How Becoming Guardian to an Adult Prepared Me for Motherhood

How Becoming Guardian to an Adult Prepared Me for Motherhood


I was also slowly digging into the cave of his life memories as our conversations and affection flourished, reading between the lines of his speech patterns. I made sure every birthday present was in some part red, his favorite color. I had to quickly learn about 1920s pop culture that predated both of us — Lawrence loved Helen Morgan and Fanny Brice, and if I wanted to have conversations with him, I had to listen to multiple versions of the song “Second Hand Rose.” He regularly quizzed me on Midwestern geography and cross-country train routes. Lawrence was a creature of habit, so our phone conversations every Monday and Thursday were sacrosanct. I started flying out to visit him in Illinois and saw him settle into his new group home, a suburban house with far superior food.

One day on the phone, Lawrence accidentally called me “Mom” and I blushed, letting my eyes tear up. He had grown to trust me and let me into his inner circle, and the feeling was mutual.

Eventually I got married and Lawrence got to know my husband. But when I called Lawrence to tell him that I was pregnant and a baby boy was on the way, he went quiet. When Lawrence doesn’t want to discuss something, he quickly switches to a more comfortable topic, like the names of Amtrak trains out of Chicago. I almost felt like I had an only child who was apprehensive about the arrival of a new sibling. What if the baby derailed our Monday and Thursday phone calls? What if I started to disappear from Lawrence’s life? Would I love the baby more than Lawrence?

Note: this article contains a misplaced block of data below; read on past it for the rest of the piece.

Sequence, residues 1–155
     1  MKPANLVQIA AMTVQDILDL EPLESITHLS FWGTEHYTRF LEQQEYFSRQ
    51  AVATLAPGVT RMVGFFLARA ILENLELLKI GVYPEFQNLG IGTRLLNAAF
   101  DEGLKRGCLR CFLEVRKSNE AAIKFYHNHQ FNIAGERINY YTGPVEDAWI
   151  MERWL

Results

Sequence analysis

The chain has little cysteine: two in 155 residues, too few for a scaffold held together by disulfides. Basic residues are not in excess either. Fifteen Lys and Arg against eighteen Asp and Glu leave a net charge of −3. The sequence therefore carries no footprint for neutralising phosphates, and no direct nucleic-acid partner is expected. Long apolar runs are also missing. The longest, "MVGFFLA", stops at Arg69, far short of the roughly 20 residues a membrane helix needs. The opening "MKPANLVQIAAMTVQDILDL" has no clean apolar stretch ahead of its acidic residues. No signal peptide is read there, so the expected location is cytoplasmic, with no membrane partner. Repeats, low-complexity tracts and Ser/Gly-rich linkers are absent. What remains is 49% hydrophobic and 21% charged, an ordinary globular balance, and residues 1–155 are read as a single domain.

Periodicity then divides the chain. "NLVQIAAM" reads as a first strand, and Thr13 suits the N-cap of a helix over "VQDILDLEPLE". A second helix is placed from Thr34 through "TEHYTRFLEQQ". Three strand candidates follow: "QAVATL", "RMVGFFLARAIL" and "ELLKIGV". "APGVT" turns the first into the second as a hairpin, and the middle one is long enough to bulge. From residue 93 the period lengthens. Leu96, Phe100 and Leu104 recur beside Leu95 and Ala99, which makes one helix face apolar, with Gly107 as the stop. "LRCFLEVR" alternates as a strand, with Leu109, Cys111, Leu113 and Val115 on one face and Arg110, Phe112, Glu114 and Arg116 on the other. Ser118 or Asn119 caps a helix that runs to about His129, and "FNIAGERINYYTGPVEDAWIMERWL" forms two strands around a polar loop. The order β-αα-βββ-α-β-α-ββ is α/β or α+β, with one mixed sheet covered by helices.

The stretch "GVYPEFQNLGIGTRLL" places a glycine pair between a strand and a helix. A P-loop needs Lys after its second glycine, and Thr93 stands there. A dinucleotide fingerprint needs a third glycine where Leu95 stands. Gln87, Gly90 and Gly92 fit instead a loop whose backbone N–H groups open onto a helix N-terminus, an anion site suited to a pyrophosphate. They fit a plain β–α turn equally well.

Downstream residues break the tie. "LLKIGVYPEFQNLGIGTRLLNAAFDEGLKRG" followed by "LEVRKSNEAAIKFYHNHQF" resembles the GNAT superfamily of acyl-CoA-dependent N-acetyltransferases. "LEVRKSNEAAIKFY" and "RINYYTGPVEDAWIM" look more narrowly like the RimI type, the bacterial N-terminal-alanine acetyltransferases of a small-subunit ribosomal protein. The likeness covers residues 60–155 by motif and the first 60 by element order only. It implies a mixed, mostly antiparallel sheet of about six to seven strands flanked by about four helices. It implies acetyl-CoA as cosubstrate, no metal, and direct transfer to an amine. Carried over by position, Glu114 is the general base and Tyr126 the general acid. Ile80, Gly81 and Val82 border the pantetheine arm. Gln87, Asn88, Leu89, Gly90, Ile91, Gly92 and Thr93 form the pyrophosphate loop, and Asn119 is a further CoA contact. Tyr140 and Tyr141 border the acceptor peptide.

I was positive the answer to the last question was no, but I did wonder nervously: What would happen if the baby was so needy that he diverted my attention and resources away from Lawrence?

I didn’t know what newborn care was like, and as a chronic worrier, I assumed the worst-case scenario would come true: The baby would be in such dire straits that I could not keep our Monday and Thursday appointments; I would be so sleep-deprived and hormone-battered that I would be unable to make sound decisions about Lawrence’s care; and the baby would suck up all my financial resources so that I could no longer afford to visit Lawrence or send him gifts.

So for the duration of the pregnancy, I would just lightly touch on the topic of the baby, trying to instill confidence in both Lawrence and myself. One of my visits to Illinois happened while I was visibly pregnant, but I didn’t press the issue. I warned his social workers that I might miss a phone call right after the birth, but I promised I wasn’t going anywhere.

When my due date was fast approaching, I was anxious to get Lawrence on board with the new baby. So at my father’s suggestion, I reframed the narrative a little: I asked Lawrence if he was excited about becoming an uncle. Although my relationship to him was parental in many ways, there would be 65 years between him and my son, so uncle seemed a little more fitting than brother.



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